What ! To redden by biting, or brighten by wetting ;
that folly could not be. Let us rather suppose the h-ir one
had by some mishap forgotten to lunch, and all this h due
to the gnawings of hunger. While thus seeking to palliate
the fair cribber, a young man becomes noticeable by persist-
ently pulling at the ends of his moustache, chewing them
in a hungry way, now changing the exercise by twisting
them to needle-like points which he seemed to be coa^ng

"From whence has come this ugly habit? " one is fain to
ask. Certainly not from pride. A line flowing beard a^id
full moustache ought not to be a cause of folly to the owner.
The hairs of the face, given to protect the throat and lungs
never to be shorn in the cold seasons, can it be that there
is nutriment in them ? While thus questioning, the writer's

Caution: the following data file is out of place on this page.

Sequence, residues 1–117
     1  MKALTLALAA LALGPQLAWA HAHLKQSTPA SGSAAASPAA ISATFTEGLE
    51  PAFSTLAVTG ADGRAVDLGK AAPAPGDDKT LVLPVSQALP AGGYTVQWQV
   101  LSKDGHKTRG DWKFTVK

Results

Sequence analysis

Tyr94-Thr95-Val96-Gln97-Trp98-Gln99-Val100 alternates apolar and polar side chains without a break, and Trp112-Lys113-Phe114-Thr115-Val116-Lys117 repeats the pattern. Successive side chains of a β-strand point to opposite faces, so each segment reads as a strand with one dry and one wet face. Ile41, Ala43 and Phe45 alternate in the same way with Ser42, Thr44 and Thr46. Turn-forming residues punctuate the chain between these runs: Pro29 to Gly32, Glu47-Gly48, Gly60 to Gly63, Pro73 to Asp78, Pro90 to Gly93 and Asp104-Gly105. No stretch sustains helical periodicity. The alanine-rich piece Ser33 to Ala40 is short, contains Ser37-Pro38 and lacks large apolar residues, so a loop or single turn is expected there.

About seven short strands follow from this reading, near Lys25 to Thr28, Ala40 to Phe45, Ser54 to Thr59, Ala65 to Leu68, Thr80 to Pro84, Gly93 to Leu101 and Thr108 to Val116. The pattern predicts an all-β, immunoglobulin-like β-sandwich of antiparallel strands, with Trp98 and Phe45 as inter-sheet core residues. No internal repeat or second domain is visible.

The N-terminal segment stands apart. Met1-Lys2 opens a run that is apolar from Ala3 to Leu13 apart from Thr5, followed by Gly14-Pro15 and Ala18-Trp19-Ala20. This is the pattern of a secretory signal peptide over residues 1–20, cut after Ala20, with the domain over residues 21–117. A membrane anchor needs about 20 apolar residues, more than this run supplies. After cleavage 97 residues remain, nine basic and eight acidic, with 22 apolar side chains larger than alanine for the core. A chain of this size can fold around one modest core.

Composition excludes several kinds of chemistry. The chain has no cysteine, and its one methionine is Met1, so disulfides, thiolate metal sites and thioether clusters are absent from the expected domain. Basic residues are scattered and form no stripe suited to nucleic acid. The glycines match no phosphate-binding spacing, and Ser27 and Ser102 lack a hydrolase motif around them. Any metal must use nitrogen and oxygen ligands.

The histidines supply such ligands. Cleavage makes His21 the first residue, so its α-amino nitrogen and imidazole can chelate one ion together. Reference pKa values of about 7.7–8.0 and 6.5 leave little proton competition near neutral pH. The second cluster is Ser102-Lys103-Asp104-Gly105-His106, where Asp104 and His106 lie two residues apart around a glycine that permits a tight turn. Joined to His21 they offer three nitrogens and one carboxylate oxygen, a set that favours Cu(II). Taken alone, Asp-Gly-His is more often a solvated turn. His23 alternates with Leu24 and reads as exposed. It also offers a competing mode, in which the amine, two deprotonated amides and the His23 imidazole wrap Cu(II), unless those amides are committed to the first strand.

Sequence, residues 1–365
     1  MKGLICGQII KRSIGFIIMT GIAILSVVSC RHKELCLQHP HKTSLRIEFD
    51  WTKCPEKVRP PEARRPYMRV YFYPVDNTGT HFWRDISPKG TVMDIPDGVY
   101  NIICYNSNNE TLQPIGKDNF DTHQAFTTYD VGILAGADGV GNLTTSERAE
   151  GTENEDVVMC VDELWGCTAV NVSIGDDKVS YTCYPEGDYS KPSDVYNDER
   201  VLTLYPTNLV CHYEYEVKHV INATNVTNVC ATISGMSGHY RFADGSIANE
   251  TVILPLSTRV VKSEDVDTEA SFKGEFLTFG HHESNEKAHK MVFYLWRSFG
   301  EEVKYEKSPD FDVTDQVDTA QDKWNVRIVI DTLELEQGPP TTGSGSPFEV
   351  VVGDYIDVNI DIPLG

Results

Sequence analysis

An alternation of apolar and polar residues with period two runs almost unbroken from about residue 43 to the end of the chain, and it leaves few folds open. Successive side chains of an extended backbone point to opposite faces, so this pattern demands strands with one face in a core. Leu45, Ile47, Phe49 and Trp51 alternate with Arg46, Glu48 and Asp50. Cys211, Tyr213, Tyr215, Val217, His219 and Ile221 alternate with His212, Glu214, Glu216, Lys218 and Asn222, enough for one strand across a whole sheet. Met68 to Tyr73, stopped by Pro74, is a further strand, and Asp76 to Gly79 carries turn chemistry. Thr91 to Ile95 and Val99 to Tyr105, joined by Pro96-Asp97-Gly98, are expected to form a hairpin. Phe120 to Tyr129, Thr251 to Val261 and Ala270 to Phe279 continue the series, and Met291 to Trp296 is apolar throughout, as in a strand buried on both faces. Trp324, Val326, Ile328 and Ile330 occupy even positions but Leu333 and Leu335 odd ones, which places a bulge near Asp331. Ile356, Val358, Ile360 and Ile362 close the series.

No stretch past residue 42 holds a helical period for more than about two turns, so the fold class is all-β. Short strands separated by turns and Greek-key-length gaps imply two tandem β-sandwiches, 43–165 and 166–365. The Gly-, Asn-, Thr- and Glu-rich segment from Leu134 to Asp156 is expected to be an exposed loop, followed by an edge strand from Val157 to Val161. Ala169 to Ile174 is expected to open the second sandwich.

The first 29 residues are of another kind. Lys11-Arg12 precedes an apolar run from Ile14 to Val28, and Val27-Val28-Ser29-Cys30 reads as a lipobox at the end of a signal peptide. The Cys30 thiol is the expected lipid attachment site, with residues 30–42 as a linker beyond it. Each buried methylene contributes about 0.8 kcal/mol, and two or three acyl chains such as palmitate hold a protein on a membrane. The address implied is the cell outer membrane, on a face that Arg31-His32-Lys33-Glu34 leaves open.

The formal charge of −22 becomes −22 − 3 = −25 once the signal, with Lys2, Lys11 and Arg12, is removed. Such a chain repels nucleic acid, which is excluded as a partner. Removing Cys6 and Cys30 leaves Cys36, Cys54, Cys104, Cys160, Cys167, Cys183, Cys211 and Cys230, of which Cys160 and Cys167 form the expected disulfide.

two hands were suddenly jerked from his side pockets,
where they had been comfortably resting. The wife's gentle
remonstrance had been brought to mind by the entrance of
an awkward fellow, with hands deeply thrust in tbe pockets
of his torn pants. A caricature of one's self is often a tacit
reproof. That very morning the dear wife had said •
"Those torn BJie-pockets are the most difficult of tears tc


mend." And the inward monitor asked: <c From whence
has come this indolent habit? From love of ease or want
of mittens, which? Perhaps indifference of the patient
mender's." And again the monitor asked :

"What of that habit not comparable to weeds for
growth ? "

" What mean you ? " was meekly asked.

"That of looking well to one's own faults, that lesson the
hardest and the latest learned : to know thyself." Then the
Writer realized that he, too, was not quite perfect




Yeast 130

Plain White Family Bread.- 130

Graham Bread 131

Boston Brown Bread 131

Corn Bread t - 132

Steamed Brown Bread 132

Parker House Rolls. 132

French Rolls. - 132

Buns - 133

Biscuits - - 133

To Make Rusks — 133

Sweet Milk Gems - 134

Breakfast Gems 134

Graham Breakfast Cakes- 134

Buckwheat Cakes. 134

Flannel Cakes 135

Rice Griddle Cakes.- 136

French Pancakes- 136

Pancakes 136

Bread Fritters- 13G

Quick Sally Lunn- 137

Breakfast Cake 137

Quick Waffles 137

Johnny Cake - 137

Mush - 137

Corn Mush 138